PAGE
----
Amir: I lived around the corner from Cool FM, which was one of the first jungle stations in Hackney. We come together to make music and we use those influences and mix it with musical instruments and the love for soul music from America. Artists like Marvin Gaye, Sly and The Family Stone. I think you can see that when we are on stage and how we perform. We are massively into blues as well as jazz. We’ve always had that kind of dream to create music that crosses over. I was running a studio East London which we all share and is our hub basically. I was producing for other people and doing stuff with hip hop artists, bands and things like that. It was really a breath of fresh air to meet and work with the boys properly because when you are a producer you always work to a brief but with Rudimental its complete freedom of sound. That’s why it sounds that way. Why there is trumpet sounds. We have built up this relationship with a family of musicians to draw upon when we need different singers. We would go out to open mike nights and this was how we met John Newman – we went to a pub. My sister said come and see this guy and he blew us away! We had a riff we had already written and we thought it would be great if he could sing that and then we just carried on working with him. We would go on searches for the artists a lot ourselves. When we were making the album it was done by a lot of A & R and it was done by us and we got really friendly with all the people that we worked with so it’s kind of like a little family.

IC: Amazing!  So how did you come up with the band name Rudimental?

R: Kesi came up with it. He said he used to go to music lessons and his music teacher used to tell him he always forgets his book of “rudiments” which was like his book of basic rhythms. I think at first he called himself Mr. Rudiments or The Rudiments… When we started making music together he said we should make music “rudimental”.  We are all pretty crazy  – but the “rude” is ironic – we are nice guys.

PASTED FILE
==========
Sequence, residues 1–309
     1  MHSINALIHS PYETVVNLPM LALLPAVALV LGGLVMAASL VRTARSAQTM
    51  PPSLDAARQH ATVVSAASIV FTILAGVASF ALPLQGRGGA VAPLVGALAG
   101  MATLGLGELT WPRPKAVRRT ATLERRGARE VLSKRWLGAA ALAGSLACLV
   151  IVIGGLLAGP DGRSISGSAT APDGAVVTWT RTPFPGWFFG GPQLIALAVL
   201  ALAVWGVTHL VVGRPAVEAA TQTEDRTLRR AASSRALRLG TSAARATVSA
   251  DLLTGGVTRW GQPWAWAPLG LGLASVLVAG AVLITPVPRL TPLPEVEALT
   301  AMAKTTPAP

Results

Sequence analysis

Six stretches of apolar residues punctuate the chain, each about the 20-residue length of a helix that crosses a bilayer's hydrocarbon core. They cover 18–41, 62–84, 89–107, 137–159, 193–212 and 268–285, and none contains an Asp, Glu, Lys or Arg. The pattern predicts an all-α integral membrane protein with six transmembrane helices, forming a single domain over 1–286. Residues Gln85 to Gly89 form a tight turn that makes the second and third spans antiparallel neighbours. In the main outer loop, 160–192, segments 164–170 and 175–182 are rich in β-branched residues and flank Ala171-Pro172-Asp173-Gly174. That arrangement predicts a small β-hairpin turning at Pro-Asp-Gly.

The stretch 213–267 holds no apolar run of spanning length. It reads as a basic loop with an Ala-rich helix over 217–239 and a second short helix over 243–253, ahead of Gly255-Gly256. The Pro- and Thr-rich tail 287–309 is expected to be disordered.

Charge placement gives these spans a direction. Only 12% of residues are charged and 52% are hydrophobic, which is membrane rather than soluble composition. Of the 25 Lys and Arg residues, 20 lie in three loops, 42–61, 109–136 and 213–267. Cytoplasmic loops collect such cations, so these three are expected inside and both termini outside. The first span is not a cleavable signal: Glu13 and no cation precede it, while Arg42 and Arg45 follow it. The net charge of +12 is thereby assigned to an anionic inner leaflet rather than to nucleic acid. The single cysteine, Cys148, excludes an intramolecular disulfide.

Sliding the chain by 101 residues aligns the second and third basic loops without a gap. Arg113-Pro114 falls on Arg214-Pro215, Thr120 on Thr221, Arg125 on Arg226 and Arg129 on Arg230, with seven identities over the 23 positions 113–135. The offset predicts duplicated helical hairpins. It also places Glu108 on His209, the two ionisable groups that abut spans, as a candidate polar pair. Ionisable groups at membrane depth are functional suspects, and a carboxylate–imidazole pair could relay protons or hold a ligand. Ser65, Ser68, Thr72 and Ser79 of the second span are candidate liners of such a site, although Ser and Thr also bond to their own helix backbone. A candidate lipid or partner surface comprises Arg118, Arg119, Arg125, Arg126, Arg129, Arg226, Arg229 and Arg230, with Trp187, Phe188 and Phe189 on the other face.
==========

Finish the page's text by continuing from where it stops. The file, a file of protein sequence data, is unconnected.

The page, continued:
IC: You’ve got a bit of “rude” and a bit of “mental” and a bit of everything else in there, I love it.

R: That’s it.

IC: How did you feel when your song “Feel The Love” went to number one and you had massive global recognition overnight?

R: It might have seemed like it was overnight but for us it didn’t feel like that because we were working on it for so long and you know we had a few singles out before then. It was sort of bubbling on the underground and we were building up a name for ourselves. The XX blogged us and we had some supporters which was really cool. “Feel The Love” was the first number one we had which went straight to the top of the charts. We all knew we had some magic there in with us since we all get together as a four piece a couple of years ago. All the songs we were writing, “Feel The Love” and “Not Giving In”, we thought were really good and had a lot of potential. For them to do well was not really expected it but we secretly did expect it – if that makes any sense. We knew they had power – but we just didn’t know how far they would go.